Moscow's Aims Have Not Changed:
Khrushchev's “Peace Offensive” Imperils NATO
ALL but ten years have now passed since the commencement of the Soviet blockade of West Berlin. That was a crisis which involved the Soviet Union and the Western powers in a more direct and nearly belligerent conflict than anything that has happened since. Looking back on it with the hindsight we have in 1958, we can appreciate by how narrow a margin the West then succeeded in holding its ground and how disastrous would have been the consequences of yielding.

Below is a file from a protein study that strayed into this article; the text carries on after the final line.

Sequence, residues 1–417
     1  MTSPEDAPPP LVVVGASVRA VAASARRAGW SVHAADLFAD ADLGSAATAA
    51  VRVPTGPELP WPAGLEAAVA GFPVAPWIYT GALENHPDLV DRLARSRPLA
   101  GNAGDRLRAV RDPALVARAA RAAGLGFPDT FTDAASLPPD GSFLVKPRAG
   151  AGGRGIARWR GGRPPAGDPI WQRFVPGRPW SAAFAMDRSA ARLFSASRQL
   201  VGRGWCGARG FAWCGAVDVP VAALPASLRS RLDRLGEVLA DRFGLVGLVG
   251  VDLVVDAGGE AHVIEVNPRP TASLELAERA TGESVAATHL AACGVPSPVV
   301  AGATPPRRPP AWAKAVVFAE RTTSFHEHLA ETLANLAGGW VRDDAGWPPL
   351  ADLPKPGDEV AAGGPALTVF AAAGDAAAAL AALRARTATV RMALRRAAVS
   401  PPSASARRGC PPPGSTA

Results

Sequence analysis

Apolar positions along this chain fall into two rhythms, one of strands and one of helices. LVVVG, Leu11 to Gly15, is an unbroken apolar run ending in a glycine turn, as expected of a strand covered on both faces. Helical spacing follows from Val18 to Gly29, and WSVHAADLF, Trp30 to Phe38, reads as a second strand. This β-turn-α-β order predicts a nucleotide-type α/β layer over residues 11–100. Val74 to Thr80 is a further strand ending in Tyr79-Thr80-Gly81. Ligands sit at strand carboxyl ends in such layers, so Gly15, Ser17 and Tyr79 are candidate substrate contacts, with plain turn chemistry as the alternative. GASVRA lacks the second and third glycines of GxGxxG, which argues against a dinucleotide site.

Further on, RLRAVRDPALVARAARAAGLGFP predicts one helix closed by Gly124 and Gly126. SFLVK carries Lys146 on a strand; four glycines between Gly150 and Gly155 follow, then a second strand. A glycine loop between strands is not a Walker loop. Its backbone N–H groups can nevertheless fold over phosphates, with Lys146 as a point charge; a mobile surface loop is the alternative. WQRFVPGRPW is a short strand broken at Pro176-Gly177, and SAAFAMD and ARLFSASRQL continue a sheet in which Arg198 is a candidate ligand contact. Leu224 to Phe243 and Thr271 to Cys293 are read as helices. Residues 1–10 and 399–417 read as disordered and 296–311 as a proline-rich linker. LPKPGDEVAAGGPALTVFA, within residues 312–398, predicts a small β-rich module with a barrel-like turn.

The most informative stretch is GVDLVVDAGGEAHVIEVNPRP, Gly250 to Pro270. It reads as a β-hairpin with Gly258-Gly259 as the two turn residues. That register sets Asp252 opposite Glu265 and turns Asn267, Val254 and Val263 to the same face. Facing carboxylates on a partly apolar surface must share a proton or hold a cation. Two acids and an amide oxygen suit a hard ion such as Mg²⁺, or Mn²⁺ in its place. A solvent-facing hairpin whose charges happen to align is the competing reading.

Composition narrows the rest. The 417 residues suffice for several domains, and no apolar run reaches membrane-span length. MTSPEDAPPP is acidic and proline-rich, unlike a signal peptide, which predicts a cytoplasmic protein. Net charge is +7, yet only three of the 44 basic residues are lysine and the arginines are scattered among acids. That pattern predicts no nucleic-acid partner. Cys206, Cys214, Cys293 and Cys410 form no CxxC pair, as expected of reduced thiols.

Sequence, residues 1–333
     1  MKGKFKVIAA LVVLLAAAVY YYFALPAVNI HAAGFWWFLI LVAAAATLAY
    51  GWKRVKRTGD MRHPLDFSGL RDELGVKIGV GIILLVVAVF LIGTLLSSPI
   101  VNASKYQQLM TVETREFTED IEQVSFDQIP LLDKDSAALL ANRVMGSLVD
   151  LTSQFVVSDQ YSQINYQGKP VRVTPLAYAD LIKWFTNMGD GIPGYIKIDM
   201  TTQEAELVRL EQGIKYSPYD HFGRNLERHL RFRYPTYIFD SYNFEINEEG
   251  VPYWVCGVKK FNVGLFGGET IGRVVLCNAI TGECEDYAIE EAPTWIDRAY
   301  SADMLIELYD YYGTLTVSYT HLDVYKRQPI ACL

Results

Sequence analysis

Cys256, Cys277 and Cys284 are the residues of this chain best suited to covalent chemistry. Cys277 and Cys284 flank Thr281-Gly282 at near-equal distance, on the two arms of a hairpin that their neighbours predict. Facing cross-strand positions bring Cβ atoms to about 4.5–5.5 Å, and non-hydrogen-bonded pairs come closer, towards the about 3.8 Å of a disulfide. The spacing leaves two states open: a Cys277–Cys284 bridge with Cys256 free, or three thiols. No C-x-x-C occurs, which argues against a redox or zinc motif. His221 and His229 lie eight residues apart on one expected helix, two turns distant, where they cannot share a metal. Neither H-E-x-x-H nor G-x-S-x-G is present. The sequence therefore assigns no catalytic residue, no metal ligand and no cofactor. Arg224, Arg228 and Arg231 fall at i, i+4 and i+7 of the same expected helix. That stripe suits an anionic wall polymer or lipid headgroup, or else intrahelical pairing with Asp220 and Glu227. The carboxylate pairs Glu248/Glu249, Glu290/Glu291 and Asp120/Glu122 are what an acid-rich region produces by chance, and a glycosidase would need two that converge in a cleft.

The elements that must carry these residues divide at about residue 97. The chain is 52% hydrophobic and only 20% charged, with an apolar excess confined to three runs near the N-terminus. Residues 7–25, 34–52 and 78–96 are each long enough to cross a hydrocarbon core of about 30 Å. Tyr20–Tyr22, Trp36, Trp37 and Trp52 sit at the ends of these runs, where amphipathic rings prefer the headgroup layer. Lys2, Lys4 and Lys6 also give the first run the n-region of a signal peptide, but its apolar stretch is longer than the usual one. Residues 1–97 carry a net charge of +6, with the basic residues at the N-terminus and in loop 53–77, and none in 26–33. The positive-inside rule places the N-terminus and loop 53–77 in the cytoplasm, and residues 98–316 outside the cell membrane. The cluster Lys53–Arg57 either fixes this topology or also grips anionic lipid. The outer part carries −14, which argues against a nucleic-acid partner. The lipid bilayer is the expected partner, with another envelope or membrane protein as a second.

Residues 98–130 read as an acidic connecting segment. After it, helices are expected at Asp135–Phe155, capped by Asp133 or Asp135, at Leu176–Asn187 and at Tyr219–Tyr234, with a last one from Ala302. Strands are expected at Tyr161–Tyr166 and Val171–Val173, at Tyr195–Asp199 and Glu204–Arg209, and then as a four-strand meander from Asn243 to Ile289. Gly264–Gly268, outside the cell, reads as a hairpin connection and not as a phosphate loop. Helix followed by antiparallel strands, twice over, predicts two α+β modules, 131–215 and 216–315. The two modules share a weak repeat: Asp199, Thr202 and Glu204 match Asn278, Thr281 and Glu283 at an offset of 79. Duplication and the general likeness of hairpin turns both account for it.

The political trend in London and Washington during the first phase of the blockade was towards surrender. It was generally considered unlikely that West Berlin could be supplied for long by means of an air lift, and if it could not be, the only choice was between handing over the city to the Russians or trying to break through by force from West Germany-a course which found no majority support among Western statesmen at that time. In the event, as we all know, the air lift was successful, and the Russians flinched from the final step of shooting down the transports; thus the West gained a defensive victory, and in the following year the resistance to Soviet political pressure in Central Europe was consolidated by the conclusion of the North Atlantic alliance. Since then, in spite of all the discords of the cold war, there has been no serious violation of the boundaries either of what has now become the German Federal Republic or of the Western occupation sectors of Berlin.
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